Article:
A Texas Judgment Lien is the Starting Point
The truth of the matter is that collecting a judgment in Texas is difficult. There’s no getting around the fact that Texas is a great place to be a debtor because the law allows so many exemptions and protections for debtors. But, it isn’t impossible to collect a Texas judgment. It’s just a bit more challenging. You have to view it as a process. You have to start at the beginning and work through the process.
I find that the most overlooked step in the collecting process is securing a judgment lien. Making sure your judgment lien is in place is the second step I teach in my book How to Collect Your Own Judgment in Texas. The first step I teach is how to locate your judgment debtor. But, once you know where your debtor is located the very first step you need to take is getting the judgment lien in place. Without it, you’re missing out a very powerful tool.
What is a Judgment Lien?
A lien is a charge against property for the purpose of securing the payment of a debt. Basically, it attaches a debt to property. Then, when the property is sold the debt that is attached to the property by the lien must be paid. It is usually paid from the cash exchanging hands at the finalization of the property sale.
Your judgment is a debt. It is a debt you can use as the basis for creating a lien on your judgment debtor’s property. But, just having the judgment debt does not automatically create a lien. An automatic lien would be great but that’s not how it works in Texas. You have to take affirmative action to create a lien from your judgment.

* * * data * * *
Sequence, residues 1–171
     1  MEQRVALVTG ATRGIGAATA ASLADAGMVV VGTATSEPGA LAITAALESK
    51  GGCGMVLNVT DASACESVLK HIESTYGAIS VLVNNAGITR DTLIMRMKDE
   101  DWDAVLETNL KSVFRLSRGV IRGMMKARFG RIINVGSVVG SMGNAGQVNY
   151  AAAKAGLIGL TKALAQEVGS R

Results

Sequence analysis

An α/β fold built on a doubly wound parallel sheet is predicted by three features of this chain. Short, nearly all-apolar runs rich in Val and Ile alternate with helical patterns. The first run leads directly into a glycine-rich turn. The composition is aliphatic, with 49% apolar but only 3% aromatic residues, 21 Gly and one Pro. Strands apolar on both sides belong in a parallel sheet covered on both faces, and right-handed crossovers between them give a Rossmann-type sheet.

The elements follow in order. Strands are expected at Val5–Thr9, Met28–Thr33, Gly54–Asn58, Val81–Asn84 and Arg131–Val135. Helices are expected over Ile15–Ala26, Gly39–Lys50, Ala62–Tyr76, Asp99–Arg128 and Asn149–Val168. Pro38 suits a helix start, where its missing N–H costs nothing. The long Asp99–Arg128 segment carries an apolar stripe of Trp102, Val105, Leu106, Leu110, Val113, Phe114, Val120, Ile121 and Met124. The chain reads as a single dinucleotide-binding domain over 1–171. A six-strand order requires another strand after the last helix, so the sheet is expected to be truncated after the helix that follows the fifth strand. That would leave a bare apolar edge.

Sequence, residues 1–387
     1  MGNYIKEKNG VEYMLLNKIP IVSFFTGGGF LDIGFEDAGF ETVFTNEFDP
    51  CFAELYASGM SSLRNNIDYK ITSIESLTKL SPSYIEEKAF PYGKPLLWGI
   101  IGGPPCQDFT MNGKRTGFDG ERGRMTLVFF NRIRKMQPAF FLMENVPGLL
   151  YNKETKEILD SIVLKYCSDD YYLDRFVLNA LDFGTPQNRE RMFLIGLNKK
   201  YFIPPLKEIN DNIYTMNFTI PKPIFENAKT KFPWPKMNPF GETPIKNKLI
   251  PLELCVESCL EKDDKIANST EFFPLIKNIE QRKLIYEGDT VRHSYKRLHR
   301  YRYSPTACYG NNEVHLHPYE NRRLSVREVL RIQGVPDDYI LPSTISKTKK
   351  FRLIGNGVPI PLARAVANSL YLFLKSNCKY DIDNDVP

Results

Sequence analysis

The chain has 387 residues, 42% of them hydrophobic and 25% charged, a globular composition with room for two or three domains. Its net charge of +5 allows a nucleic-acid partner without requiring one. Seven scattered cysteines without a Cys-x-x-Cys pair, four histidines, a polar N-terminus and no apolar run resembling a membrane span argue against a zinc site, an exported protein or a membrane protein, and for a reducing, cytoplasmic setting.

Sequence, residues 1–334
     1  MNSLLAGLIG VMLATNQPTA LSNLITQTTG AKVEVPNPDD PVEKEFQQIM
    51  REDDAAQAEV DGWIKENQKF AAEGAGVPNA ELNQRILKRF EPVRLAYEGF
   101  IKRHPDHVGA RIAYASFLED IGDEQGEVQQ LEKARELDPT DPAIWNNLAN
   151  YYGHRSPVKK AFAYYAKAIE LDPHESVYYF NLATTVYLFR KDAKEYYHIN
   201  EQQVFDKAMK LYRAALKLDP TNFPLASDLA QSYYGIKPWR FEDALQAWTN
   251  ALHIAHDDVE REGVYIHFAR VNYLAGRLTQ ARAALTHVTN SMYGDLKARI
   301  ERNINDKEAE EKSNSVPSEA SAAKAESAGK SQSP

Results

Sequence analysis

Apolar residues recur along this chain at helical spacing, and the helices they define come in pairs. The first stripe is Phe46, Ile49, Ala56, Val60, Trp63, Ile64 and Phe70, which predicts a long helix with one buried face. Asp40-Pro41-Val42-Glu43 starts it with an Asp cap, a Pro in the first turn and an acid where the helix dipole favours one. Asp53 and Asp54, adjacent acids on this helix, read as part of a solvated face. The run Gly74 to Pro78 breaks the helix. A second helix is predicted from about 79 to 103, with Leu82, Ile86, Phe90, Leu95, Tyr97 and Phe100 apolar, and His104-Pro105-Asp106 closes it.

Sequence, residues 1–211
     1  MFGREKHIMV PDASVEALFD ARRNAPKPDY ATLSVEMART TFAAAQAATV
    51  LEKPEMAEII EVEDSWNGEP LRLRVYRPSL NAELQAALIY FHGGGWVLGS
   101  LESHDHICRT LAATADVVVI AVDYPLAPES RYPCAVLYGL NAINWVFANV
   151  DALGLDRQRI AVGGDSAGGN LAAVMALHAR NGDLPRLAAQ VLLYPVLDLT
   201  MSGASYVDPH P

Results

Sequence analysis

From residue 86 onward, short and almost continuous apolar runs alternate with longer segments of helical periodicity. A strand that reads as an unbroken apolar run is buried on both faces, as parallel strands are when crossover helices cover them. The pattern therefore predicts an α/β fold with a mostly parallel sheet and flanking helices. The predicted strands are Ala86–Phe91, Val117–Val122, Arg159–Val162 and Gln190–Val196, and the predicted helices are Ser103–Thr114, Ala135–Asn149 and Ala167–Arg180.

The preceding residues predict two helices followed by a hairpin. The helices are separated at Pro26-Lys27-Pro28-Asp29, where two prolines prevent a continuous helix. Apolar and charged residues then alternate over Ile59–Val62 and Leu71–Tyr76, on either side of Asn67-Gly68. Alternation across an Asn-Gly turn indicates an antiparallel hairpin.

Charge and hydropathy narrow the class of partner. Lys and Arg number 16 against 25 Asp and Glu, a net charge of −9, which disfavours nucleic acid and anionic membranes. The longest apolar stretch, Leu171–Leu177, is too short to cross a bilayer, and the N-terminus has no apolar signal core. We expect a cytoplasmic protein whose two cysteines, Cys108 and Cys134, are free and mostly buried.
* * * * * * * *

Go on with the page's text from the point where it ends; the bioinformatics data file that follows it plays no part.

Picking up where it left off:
How Do I Get a Judgment Lien?
It’s not difficult to create a lien from your judgment. You simply prepare an abstract of judgment and record it in the county records where you believe your judgment debtor may own or inherit property. For practical tips on other places to record an abstract of judgment, see the post Creating & Using a Texas Judgment Lien.
An abstract of judgment is actually a very simple document. Think of it as a summary of the judgment that states the amount owed on the judgment, including principle, interest, attorney’s fees and court costs. But, the abstract must be properly prepared to create your lien. You can prepare your own abstract of judgment if your judgment is in county court or district court. But, if your judgment is from a justice court or small claims court, the justice of the peace must prepare the abstract for you.
What Do I Do With The Abstract of Judgment?
Once you have a properly prepared abstract you take it to the county clerk for recording among the real property records of the county. The clerk will enter the abstract in an alphabetical index of judgment records. When that happens you have a judgment lien on any real property your debtor owns in the county where you recorded the abstract. There is, however, an exception to the lien for homestead property. Your abstract does not attach your judgment lien to your judgment debtor’s homestead.
What is the Life-Span of a Judgment Lien?
The judgment lien you create with the recording of an abstract of judgment stays in place for ten years. You can renew the judgment lien every 10 years.